Monday, October 26, 2009

No mystery in Goldman's claims against the Lehman estate

NY Post: ... during a Goldman earnings conference call on Sept. 16, 2008, a day after Lehman filed for bankruptcy, Viniar during Goldman's earnings conference call downplayed its exposure to both Lehman and American International Group, the insurance giant that back then was on the verge of collapsing

Despite telling Wall Street that its credit exposure to Lehman was, in the words of Goldman CFO David Viniar, "immaterial," the gold-plated bank late last month filed one of the largest and most senior claims against the bankrupt Wall Street firm.

That has raised the hackles of some Lehman creditors, who are noting the disconnect between Goldman's public statements and its actions.

"How can you say this on one hand, while making these claims on the other?" asked one creditor, who described the inconsistencies as "suspicious."

There is actually nothing "suspicious" about this. Goldman's exposure to Lehman included a large position in Credit Default Swaps on Lehman, which nearly neutralized their overall Lehman risk. That's why the conference call "downplayed" Goldman's exposure in September of 08. The CDS had settled last year, paying Goldman the amount equal to par less the implied recovery at the time. The recovery amount was determined by the auction on Lehman bonds, a standard procedure in the land of CDS settlement. Now Goldman will try to recover the remainder of their exposure.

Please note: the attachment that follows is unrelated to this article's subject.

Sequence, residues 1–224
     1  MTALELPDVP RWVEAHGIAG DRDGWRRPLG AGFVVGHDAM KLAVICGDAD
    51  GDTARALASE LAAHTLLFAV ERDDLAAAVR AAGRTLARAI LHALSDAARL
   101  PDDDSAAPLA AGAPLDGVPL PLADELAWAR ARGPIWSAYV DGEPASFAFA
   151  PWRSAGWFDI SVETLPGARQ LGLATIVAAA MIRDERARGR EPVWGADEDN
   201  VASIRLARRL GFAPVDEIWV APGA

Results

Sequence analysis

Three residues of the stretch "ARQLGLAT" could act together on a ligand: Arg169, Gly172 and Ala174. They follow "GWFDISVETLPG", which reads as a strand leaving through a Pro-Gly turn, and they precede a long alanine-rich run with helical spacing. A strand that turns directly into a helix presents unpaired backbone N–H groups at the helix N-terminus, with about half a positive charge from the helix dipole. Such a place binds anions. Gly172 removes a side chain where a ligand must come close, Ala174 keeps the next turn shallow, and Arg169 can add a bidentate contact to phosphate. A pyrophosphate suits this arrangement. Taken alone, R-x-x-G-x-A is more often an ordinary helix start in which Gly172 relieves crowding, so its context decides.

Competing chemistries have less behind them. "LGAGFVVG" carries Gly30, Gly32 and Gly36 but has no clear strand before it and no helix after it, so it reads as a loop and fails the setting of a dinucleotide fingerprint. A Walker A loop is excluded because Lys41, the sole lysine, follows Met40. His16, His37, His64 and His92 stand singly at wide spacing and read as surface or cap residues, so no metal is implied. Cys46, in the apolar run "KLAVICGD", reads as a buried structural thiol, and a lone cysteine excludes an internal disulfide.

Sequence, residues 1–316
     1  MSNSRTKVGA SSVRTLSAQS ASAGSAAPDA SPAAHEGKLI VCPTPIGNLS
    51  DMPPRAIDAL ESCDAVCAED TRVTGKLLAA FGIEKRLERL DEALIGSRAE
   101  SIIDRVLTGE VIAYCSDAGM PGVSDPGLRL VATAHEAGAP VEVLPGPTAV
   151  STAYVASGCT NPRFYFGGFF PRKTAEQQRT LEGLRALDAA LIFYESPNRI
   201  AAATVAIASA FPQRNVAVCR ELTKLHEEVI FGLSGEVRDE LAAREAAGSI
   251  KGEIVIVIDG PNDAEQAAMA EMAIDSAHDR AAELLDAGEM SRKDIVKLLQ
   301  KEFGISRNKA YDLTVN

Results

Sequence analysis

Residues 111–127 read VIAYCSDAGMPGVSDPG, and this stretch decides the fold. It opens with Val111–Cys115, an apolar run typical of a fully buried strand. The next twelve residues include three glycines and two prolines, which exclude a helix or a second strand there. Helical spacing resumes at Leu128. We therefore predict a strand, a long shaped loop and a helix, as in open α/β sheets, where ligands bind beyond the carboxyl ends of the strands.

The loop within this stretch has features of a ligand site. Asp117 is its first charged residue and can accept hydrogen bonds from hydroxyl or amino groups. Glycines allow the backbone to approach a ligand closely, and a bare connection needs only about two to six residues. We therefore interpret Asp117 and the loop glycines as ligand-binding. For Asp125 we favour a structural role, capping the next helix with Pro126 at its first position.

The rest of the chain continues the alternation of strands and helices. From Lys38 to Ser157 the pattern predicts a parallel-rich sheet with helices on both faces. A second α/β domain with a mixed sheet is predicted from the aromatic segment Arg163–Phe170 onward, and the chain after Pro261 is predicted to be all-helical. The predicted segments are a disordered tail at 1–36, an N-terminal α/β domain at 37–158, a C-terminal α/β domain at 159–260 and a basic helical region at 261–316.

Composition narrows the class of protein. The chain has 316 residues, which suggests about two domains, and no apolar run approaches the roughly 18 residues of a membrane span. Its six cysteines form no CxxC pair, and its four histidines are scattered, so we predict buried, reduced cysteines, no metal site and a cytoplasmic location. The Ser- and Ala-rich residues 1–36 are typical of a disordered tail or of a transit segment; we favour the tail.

For simplicity assume $100 of Lehman exposure hedged with $100 CDS. As Lehman failed, the recovery was say 10 cents on the dollar, or $10. That means Goldman gets $90 in cash on the CDS settlement and has $10 left to recover from Lehman bankruptcy (to get their full $100 back). They now put in a claim against the estate.

Goldman's exposure to Lehman however wasn't just in Lehman bonds that could be easily sold - and the CDS wasn't a perfect offset as in the example above. The exposure included things like the OTC derivatives replacement cost, repo replacement cost, and possibly senior financing. Depending on the amount they recover, Goldman may end up getting back more than their original $100 exposure. No mysteries here, just the mechanics of counterparty risk management.
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